Bad Hair, directed by Justin Simien, provides a thought provoking tale of a black woman’s insecurities being preyed on by an American corporation. The movie was promoted as a horror film, and that’s how it’s styled. When you take a closer look at context and cinematography, though, you realize that there’s a much bigger issue to discuss here. Anna Bludsoe’s life seems to revolve around her hair insecurity. With her natural 4C textured hair, she’s tried every treatment to make the kinky coils on her head look more ‘presentable’. However, when sew-in weave is introduced to the community around her, she sacrifices her rent money to get one installed on her. This is where the spoilers begin.
This new hair of hers is making every part of life turn right side up. She’s bagged her dream position, she’s making rent, and the guy that she has feelings for is finally showing her attention. The catch is: her hair needs blood to survive on. It literally feeds off of other people. As the film progresses, every Black woman is going to Virgie’s to get a sew in. We find out, though, that it is produced by the very CEO of the company Anna works for. After trying to shut Anna’s TV station down and belittling the Black creators of the station, he continues to profit off of their work and, ultimately, their pain. As Anna states at the closing of the movie, “The way they [the CEO’s ancestors] saw it, as long as their name was on the land, they could do as they pleased with anything that grew from it… whether it was plants or people.”.
This movie received a 39% rating from audience members, with one saying, “I thought this movie was going to be good and have a hidden message to the black women who feel the need to adapt to European beauty standards but this was a joke.”. The user who shared this opinion is not wrong in the commentary being on Black women adapting to beauty standards, but it’s masked with exaggeration as that is the true art of satire. Simien explores the way in which American corporations feed off of black culture. They profit off of the culture and the people with no regard to the violence that the black community faces.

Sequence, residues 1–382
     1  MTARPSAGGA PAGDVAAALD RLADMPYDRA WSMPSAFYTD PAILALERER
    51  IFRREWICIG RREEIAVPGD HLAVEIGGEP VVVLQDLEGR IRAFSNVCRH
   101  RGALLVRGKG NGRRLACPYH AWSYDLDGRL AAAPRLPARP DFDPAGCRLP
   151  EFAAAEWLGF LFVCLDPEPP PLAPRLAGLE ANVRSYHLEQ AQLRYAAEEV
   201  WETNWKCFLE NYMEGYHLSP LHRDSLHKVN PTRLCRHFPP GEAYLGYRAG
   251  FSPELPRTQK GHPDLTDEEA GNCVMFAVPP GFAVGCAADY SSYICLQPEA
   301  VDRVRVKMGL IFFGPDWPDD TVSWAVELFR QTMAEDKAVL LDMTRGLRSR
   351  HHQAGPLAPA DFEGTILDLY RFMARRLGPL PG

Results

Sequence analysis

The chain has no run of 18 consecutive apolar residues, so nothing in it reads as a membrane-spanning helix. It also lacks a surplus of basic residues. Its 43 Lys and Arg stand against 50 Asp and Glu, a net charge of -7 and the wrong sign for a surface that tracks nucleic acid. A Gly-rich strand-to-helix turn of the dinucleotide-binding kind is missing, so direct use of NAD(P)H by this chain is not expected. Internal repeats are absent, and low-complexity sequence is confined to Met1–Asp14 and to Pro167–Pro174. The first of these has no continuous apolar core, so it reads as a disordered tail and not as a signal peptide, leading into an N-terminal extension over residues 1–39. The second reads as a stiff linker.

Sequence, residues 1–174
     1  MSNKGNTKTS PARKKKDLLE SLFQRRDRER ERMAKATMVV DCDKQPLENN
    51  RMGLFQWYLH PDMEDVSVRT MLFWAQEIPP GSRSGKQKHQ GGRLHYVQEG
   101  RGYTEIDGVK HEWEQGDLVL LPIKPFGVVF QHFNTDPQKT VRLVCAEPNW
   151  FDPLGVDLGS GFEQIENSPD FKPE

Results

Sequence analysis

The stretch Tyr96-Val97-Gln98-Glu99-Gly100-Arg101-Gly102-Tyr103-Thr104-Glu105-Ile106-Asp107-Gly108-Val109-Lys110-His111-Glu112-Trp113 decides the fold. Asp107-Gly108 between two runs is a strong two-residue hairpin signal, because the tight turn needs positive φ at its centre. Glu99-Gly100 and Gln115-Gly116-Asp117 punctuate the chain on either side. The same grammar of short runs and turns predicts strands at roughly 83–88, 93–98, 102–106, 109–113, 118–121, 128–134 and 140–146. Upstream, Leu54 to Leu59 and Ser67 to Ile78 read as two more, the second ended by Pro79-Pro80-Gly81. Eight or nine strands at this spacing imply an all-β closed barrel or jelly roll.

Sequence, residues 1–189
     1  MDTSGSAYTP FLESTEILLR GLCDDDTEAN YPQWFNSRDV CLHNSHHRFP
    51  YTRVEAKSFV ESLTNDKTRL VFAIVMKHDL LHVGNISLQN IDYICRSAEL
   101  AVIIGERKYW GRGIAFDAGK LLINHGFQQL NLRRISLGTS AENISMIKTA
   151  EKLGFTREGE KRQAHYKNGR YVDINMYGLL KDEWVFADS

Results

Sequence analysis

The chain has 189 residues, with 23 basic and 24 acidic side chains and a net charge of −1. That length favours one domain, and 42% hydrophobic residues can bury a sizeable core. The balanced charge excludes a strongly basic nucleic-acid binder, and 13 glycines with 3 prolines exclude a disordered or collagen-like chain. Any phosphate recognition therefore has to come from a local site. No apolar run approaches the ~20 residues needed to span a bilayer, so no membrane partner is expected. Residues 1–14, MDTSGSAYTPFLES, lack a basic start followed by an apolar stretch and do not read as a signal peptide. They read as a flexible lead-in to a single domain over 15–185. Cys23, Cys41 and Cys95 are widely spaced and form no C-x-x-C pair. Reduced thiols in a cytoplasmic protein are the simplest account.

Throughout the summer, after George Floyd’s death and during the BLM protests, large corporations received backlash for the lack of support or empty words of support. An article by Sandy Ho explores the statistics found by Laura Morgan Roberts between black college graduates and white college graduates who have the same qualifications. Black alumni of Harvard Business school are less likely to fall into CEO positions compared to their white counterparts. Roberts says, “‘They’re saying, ‘We’ve got the qualifications but we can’t get into the inner circle’.”. L’Oreal was one of many companies to be called out on social media. Munroe Bergdorf quote tweeted the brand’s photo that stated ‘speaking out is worth it’ in response to social justice occurring.
Munroe was fired in 2017 due to what she said online about the Charlottesville riot. In that, she said,” Most of ya’ll don’t even realise or refuse to acknowledge that your existence, privilege and success as a race is built on the backs, blood and death of people of colour. Your entire existence is drenched in racism.”.
While Justin Simien produced what seemed to be a funny, scary movie, what lies beneath is a conversation worth having. No matter how much a company/corporation tries to be the face of anti-racism and cultural diversity, it will not matter until their actions match their words. America and capitalism thrives off of black people and other minorities. While the CEOs are all white or white passing, the rest of the staff is making 8$/hr with no opportunity for higher pay or positions within. So until the day comes that these establishments provide more genuine opportunities for BIPOC to advance professionally (not just a diversity hire), their “We Stand With You” will be meaningless.